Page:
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Problem A. 386. (December 2005)

A. 386. Consider one of the two arcs of a rectangular hyperbola centred at O, and choose an arbitrary point P on it. Let Q and R denote the intersections of the hyperbola and the circle of radius 2OP drawn about P. Prove that \angleQPR=120o.

(5 pont)

Deadline expired on January 16, 2006.


Solution. Place the hyperbola into the Cartesian co-ordinate system such that its equation is xy=1. Draw the other branch of the hyperbola as well. The circle and the second branch have another 2 intersections: S and P' which is the reflection of P to O.

Let P=(a,b) and compute the intersections of the hyperbola and the circle. A point (x,y) lies on both curves if and only if

xy=1

and

(x-a)2+(y-b)2=4(a2+b2).

Then

(x-a)^2+\left(\frac1x-b\right)^2=4(a^2+b^2)

x4-2ax3-3(a2+b2)x2-2bx+1=0.(1)

Let P'=(-a,-b), Q=(q1,q2), R=(r1,r2) and S=(s1,s2). The roots of the quartic equation (1) are exactly -a, q1, r1 and s1.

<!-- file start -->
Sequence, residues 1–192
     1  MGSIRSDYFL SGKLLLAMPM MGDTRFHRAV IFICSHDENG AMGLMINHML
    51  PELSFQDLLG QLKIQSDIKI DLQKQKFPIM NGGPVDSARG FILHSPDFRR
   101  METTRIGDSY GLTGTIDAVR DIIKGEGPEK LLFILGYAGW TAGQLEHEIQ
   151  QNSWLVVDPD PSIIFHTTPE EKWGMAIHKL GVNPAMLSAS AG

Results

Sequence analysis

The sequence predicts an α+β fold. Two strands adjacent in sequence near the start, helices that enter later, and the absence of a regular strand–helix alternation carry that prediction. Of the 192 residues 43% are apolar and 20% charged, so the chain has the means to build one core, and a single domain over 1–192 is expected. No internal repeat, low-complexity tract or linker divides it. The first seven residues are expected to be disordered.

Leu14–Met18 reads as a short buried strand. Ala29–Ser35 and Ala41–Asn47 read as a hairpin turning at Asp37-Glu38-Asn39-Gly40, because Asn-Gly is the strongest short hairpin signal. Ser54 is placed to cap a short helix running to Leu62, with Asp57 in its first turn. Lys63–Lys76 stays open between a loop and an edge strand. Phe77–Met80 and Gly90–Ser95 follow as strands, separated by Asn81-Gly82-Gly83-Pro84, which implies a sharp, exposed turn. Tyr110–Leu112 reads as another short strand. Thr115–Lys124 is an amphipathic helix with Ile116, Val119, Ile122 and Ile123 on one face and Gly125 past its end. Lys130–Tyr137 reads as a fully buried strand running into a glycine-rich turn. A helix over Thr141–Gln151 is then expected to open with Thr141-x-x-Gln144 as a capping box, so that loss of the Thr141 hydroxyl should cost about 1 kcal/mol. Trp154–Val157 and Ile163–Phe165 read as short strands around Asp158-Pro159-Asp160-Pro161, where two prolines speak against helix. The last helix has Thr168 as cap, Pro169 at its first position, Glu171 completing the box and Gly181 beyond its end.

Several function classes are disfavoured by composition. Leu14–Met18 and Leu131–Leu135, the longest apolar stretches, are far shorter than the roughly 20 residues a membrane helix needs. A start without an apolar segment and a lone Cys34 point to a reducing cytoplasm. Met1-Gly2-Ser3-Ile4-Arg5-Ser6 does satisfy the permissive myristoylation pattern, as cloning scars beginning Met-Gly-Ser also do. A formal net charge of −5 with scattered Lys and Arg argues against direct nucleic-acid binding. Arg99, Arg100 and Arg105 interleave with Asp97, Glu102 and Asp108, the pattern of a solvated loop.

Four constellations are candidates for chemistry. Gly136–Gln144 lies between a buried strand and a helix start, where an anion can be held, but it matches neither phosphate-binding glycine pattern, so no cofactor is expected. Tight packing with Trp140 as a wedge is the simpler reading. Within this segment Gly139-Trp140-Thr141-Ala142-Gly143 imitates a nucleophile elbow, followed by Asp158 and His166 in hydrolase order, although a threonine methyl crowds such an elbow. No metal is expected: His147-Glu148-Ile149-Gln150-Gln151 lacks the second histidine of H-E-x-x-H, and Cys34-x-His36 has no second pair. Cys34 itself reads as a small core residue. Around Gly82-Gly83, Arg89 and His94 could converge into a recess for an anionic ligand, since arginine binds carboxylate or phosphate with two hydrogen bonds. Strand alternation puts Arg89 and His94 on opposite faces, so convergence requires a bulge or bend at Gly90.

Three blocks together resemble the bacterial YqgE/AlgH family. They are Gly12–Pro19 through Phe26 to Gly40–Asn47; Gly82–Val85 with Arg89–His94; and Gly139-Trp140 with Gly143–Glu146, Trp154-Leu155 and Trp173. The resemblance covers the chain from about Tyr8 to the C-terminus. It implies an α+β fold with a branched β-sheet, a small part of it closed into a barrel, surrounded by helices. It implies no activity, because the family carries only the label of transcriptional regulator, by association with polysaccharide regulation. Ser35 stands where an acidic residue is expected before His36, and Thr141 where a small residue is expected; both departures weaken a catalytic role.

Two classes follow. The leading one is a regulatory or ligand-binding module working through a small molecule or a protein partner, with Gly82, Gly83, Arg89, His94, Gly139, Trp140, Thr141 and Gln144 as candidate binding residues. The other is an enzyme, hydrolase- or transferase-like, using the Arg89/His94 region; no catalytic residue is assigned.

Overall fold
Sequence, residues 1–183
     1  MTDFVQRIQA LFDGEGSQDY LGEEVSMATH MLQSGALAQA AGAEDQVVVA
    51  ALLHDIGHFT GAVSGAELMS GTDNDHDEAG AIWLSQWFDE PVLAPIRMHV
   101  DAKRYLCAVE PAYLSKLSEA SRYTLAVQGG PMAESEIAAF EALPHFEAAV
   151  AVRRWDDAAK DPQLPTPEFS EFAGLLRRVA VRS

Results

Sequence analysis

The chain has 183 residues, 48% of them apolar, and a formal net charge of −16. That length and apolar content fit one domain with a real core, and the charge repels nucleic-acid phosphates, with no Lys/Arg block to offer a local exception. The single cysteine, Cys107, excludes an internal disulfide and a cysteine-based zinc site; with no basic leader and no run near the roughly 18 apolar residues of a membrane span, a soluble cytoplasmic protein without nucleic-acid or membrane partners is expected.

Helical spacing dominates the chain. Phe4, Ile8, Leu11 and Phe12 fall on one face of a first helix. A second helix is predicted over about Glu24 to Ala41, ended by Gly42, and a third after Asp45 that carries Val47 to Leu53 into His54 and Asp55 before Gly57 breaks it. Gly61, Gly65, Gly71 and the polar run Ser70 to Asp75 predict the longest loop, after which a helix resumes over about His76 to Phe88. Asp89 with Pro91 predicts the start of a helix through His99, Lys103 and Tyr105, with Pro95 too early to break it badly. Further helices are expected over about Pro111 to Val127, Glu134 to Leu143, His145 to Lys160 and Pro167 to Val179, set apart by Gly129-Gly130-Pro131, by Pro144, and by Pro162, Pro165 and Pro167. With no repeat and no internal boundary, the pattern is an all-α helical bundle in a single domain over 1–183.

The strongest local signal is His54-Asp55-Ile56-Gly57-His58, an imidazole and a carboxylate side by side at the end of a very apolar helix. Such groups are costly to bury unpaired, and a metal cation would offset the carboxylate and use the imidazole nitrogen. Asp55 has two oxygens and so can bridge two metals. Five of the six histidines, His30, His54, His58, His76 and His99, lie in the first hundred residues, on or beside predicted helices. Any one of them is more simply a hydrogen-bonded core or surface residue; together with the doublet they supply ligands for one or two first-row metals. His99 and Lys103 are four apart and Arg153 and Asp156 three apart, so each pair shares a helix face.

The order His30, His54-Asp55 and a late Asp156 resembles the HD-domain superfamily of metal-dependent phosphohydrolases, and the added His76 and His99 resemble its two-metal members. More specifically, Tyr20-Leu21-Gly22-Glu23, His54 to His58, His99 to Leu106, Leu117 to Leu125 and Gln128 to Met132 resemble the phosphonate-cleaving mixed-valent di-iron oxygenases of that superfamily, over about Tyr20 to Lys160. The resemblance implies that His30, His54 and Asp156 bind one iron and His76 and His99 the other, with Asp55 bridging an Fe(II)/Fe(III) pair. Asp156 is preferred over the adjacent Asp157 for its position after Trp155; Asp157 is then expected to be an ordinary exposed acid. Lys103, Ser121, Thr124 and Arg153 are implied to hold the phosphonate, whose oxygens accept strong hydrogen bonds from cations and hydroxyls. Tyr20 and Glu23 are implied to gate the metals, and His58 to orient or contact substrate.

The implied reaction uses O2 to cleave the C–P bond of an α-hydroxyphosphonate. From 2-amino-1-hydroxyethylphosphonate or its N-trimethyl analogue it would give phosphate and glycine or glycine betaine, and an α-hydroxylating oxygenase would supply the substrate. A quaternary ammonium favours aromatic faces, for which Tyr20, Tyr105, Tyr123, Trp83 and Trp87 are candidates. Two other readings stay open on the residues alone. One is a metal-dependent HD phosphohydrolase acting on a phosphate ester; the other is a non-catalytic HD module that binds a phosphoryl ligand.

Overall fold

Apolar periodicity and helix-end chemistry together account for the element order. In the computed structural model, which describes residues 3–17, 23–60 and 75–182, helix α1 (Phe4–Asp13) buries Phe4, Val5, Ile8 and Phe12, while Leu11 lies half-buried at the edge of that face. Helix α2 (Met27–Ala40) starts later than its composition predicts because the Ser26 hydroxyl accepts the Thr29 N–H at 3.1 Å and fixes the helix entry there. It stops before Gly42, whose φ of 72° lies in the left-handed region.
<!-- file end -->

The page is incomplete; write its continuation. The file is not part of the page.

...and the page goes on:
From Viéte's formulas, the sum of roots is 2a. Therefore

q1+r1+s1=3a.(2)

Similarly,

q2+r2+s2=3b.(3)

Equations (2) and (3) together yield that P is the centroid of triangle QRS. But P is the circumcenter as well. This implies that triangle QRS is equilateral, point P is its center anf \angleQPR=120o.


Statistics:

14 students sent a solution.
5 points:Bogár 560 Péter, Erdélyi Márton, Estélyi István, Hujter Bálint, Jankó Zsuzsanna, Kisfaludi-Bak Sándor, Kónya 495 Gábor, Nagy 224 Csaba, Paulin Roland, Szakács Nóra, Tomon István.
4 points:Dücső Márton.
2 points:1 student.
0 point:1 student.

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